I am thinking of the rather nice Novastar song. I am thinking of a time when the wedding planning will be over with and the Evil Hungarian Bank will give me my money and things will calm down. A time when I will have time for things and can take up new hobbies. That moment, when things will calm down, keeps getting postponed, but I haven't given up on it. Having said that, I do get bored when things are quiet.

There is not going to be a time when all the stuff I need to do is done, though. That's life for you. There will always be more to plan*, more paperwork to do, more taxes to be paid, more things to be fixed. I wonder how I feel about that. I wonder how I feel about the earthquake in Hawai'i. I guess mostly it is good that nobody was killed; fingers crossed that that active volcano of theirs stays put and calm. I wonder what it is like to live on a big, lovely, visible timebomb like Big Island. Like living anywhere else I suppose - keep an eye on the news and perhaps a well-filled bank account.

*Yes, I am just kidding about the babies. First pay off debt (ah, weddings and unemployment!), then save up for house, decide on place to live, buy house, then and maybe babies. I am hoping that by then I will want babies. Or not. As the case may be.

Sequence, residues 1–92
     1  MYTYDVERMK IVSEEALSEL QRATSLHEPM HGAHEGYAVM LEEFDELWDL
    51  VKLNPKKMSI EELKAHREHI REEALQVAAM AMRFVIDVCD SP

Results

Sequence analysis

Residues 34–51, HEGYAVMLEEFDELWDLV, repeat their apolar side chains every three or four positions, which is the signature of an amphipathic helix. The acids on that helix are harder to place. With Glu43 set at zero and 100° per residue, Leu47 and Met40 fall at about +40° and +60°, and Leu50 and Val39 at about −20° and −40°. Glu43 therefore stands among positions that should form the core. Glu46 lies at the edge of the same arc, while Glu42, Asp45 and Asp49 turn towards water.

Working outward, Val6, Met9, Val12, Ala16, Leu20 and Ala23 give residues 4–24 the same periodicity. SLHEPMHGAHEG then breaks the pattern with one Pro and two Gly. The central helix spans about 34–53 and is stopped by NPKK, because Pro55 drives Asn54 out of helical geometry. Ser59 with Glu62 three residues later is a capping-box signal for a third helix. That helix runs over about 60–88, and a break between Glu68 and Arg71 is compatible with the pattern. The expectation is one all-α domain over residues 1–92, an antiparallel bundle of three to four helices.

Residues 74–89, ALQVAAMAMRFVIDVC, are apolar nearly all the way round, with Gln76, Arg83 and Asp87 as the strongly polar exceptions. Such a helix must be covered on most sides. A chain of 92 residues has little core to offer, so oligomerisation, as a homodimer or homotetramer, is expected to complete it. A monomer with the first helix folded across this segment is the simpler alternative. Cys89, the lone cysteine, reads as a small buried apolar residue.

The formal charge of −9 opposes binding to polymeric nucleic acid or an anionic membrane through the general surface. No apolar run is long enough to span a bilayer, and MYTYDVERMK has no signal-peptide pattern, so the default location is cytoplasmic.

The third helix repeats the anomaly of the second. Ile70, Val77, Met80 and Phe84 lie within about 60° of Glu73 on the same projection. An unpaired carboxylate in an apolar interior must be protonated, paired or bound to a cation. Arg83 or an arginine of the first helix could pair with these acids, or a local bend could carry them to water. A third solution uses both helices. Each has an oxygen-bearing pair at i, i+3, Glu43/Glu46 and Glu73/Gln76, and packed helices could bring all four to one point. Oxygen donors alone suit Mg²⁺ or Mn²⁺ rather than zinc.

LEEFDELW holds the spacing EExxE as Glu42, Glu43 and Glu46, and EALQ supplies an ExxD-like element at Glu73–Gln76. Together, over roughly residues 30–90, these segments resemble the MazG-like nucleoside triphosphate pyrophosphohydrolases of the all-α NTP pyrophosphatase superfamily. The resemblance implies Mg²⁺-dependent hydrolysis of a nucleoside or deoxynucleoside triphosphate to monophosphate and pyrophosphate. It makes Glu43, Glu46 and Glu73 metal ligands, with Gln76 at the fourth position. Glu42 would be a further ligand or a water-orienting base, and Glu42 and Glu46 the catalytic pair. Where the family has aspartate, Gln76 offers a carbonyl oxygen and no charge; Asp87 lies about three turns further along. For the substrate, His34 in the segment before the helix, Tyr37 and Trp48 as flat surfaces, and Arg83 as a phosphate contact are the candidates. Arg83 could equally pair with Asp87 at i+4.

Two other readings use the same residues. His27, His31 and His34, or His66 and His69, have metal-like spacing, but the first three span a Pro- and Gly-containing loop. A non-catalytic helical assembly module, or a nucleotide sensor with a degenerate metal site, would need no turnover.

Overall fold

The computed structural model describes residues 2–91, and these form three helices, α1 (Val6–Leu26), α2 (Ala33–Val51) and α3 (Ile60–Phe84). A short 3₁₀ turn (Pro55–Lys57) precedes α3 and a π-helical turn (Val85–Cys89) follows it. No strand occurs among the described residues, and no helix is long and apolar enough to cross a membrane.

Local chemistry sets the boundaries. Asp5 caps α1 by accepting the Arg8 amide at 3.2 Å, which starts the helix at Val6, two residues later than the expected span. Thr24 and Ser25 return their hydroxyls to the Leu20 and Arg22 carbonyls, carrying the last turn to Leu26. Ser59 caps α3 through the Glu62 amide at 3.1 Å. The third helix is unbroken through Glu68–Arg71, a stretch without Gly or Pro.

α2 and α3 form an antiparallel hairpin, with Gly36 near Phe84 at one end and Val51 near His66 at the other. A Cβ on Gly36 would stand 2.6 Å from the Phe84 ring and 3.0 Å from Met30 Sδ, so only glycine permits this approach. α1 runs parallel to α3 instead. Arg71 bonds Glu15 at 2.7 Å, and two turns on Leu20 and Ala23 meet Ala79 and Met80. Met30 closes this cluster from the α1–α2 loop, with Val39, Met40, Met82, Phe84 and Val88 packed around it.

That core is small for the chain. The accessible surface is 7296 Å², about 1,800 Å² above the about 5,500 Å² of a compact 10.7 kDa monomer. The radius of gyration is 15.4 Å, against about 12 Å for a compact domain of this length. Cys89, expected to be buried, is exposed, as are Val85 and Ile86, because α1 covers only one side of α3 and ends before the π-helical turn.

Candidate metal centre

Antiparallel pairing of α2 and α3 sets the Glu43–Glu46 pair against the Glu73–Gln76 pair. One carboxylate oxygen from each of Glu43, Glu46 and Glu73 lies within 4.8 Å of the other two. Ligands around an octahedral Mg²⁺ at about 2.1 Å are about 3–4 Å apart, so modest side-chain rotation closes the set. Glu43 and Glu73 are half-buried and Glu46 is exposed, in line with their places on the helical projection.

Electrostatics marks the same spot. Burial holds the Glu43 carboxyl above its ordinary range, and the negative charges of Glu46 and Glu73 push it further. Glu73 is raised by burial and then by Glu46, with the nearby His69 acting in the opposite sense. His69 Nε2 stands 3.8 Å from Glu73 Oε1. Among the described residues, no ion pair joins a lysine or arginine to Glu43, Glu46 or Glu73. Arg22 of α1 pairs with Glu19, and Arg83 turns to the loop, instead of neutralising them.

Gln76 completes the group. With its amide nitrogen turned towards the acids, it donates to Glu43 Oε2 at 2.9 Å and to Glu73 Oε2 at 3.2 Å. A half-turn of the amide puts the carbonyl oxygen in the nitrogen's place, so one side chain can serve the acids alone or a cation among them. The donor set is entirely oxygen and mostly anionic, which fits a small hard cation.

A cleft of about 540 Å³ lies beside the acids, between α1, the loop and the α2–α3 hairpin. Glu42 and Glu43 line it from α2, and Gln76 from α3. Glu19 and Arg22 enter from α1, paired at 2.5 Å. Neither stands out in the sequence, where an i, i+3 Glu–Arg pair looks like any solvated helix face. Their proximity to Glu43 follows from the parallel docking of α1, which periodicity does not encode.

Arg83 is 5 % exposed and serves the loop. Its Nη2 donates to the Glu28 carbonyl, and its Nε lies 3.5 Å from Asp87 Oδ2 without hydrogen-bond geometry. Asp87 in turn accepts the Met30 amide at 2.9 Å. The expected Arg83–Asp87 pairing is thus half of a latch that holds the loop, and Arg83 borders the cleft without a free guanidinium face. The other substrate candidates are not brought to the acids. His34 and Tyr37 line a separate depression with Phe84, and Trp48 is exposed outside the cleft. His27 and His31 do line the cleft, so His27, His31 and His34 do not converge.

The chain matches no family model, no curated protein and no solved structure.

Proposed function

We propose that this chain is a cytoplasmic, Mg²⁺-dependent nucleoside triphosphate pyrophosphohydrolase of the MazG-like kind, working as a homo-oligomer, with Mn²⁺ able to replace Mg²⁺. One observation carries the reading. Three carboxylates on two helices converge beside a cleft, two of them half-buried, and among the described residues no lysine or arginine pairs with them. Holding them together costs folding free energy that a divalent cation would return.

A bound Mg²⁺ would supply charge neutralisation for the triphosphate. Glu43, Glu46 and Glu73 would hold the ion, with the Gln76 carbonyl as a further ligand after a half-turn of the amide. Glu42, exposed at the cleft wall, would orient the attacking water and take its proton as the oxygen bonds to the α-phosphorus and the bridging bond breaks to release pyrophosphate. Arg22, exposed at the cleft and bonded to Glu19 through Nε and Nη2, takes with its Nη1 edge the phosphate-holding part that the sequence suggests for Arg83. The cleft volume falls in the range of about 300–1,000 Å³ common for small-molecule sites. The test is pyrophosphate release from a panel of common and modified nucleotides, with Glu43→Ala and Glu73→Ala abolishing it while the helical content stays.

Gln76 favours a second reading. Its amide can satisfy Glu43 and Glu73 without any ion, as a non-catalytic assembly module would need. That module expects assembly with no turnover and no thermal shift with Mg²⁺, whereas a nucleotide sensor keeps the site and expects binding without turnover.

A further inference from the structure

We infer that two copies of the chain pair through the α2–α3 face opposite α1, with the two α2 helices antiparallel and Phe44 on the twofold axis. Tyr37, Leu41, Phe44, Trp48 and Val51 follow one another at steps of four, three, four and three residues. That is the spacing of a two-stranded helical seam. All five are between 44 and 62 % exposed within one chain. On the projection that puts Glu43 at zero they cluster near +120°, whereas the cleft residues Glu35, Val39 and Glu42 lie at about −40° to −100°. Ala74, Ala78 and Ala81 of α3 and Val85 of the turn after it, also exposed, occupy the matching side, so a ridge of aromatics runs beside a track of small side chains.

Tuesday, October 17, 2006

Thank god for the easy things

The Spouse and I just went to see about our invitations (second visit to the shop) and it was great. The lady who helped us was, as she was last time, all you could possibly want - friendly, personal, budget conscious, creative and decisive, but not pushy. If only all of it could be so easy.

Now onwards and upwards, time to address some more save the dates. And do my American presidents puzzle.

Friday, October 13, 2006

Not political

After that previous post there is some very different stuff too.

I am not good with politics. People who know me know this. I am loud, yes, opinionated, absolutely, but fuzzy at best and not very well-informed. Considering that I started blogging on Total Drek it is ironic that I more or less gave up on doing so regularly for the simple reason that I am not up to it. Again, it may be my brain atrophying.

Maybe I was never particularly suited but more oblivious before. Living as I do with someone who constantly questions whether or not he is a Good Person I do, occasionally ask myself the same question. The answer that I have come up with is that I am not good a following things through. This is why I volunteer. I am good at that kind of stuff. If you give me a framework and some place that uses my skills I will show up and be dedicated and creative. But I need that framework, that trust that the organisation is a conscientious one (easy, in a non-profit that has eight people on staff, all of whom you know).